7. Listen To The Departments That Serve The Customers
Agencies need to listen to the departments—sales, service, operations and so on—that serve the customers. Marketers are often the ones building the messaging and the brand promise, but these other departments have to make the promise a reality. By better understanding the interactions between employees and customers, agencies (and marketers in general) can build more compelling stories. – Chris Wallace, InnerView Group
8. Act As The Hub Of The Wheel And Facilitate Brainstorms
Agencies can act as the hub of the wheel and be great facilitators of brainstorming sessions that pull out the best ideas from all departments and people involved. Ideation can come from every employee, at every level of the organization, and agencies are in a unique position to create the environment and implement the best processes for all voices and ideas to be heard. – Dennis Cook, Gamut. Smart Media from Cox.
9. Serve As An Extension Of Clients’ In-House Marketing Teams
Hands down, the biggest factor in our success is how we consider ourselves an extension of our clients’ marketing teams. We need the context of what’s happening in other areas to be able to bring the right opportunities to the table and create the greatest value through our channel. – Nicky Senyard, Fintel Connect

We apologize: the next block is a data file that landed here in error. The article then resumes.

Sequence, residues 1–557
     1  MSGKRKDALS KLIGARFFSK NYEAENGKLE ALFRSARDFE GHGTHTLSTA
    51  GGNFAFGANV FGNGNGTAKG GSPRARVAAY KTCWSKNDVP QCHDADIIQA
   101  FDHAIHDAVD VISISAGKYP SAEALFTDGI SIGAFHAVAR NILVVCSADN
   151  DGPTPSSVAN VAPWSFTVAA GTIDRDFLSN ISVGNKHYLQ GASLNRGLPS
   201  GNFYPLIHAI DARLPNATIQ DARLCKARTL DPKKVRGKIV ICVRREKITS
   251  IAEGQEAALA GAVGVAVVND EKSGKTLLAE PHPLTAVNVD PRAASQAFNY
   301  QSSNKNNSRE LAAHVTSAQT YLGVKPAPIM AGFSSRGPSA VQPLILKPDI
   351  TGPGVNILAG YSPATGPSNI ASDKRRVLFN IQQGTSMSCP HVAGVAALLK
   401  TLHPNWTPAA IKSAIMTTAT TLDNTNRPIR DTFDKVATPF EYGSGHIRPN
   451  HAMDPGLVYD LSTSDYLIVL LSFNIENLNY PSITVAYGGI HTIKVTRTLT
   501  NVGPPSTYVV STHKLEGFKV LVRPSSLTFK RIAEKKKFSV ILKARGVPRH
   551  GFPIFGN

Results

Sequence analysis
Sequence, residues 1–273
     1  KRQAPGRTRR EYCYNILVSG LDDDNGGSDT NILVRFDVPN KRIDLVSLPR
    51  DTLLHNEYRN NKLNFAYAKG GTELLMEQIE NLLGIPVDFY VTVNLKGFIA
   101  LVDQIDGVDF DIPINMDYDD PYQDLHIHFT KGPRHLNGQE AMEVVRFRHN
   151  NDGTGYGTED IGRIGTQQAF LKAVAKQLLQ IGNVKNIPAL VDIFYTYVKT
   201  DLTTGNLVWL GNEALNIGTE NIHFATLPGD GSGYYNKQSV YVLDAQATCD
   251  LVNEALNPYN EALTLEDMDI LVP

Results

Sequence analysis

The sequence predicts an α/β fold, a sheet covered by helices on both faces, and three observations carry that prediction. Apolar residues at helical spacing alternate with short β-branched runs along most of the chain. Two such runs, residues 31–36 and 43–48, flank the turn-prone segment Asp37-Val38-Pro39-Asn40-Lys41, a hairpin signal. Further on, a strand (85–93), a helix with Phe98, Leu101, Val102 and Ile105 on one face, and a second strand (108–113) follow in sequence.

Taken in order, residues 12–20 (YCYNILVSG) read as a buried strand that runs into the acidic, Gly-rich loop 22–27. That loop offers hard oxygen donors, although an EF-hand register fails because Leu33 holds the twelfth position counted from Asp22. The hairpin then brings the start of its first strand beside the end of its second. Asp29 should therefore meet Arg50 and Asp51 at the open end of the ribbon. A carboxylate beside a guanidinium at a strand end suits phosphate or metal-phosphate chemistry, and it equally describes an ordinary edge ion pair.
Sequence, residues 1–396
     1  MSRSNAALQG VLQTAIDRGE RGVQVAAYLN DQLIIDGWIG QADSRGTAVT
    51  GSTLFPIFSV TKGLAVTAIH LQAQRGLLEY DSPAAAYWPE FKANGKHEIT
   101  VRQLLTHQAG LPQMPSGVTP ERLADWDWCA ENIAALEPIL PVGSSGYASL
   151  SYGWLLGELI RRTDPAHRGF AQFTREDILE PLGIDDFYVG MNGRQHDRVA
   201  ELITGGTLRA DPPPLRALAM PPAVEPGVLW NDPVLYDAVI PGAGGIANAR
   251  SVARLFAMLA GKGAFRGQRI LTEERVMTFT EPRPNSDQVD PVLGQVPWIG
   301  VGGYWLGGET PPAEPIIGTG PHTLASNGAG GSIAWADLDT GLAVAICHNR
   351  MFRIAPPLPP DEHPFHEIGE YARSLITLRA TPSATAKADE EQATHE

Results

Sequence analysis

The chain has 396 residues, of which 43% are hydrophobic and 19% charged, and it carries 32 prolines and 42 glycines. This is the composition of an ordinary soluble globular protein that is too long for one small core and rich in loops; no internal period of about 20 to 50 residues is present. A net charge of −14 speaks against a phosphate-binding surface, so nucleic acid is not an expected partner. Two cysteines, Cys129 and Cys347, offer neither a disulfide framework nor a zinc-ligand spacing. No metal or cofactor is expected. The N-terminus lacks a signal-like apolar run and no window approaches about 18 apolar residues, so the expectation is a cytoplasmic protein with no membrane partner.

10. Invite Anyone Who Can ‘Mess Up Your Plan Later’ To The Table
Our marketing strategy firm has a key rule: You have to invite anyone who can “mess up your plan later” to the strategy table. We use marketing strategy frameworks and tools through which cross-functional team members can provide input. This makes the initial meetings a little more difficult, but all functions feel as if they have input, and we typically sail through to execution with less resistance. – Tom Spitale, Impact
11. Team Up With Clients And Their Other Agency Partners
We just completed a campaign with a client where we worked across disciplines. The results end up being so much better. It means working as a team with the clients and the other agencies involved in the campaign. We held status calls with the other agency and had combined planning documents to make sure we did not miss a beat. If you just focus on the results of the campaign, everyone wins. – Gina Michnowicz, The Craftsman Agency
12. Help Public Relations Manage Messaging
The messaging used in PR, sales, marketing and social media must be consistent and representative of the brand. It should follow the same energy flow and voice. Having PR help across all of those areas will ensure everyone stays in high communication with each other. – Nicole Rodrigues, NRPR Group, INC
13. Develop An Integrated Workshop Approach
Develop an integrated workshop approach to collectively ideate the experiential implications of a new brand strategy. When it is used as a core operating philosophy that has relevance across all areas of a business, bringing people together to develop ways that they can activate the brand creates understanding about the real-world implications and opportunities that the brand can unlock. – Howard Breindel, DeSantis Breindel
14. Have A High-Level Campaign Objective
Companies need to have a high-level campaign objective, which should serve as the North Star for all performance. Aligning teams with marketing, PR, content and sales will only help provide a more unified message to consumers. We’ve often seen that a well-crafted campaign with fewer deliverables can outperform a frantic campaign where everyone is working on their own directives. – Brian Meert, AdvertiseMint
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Author: Expert Panel®, Forbes Councils Member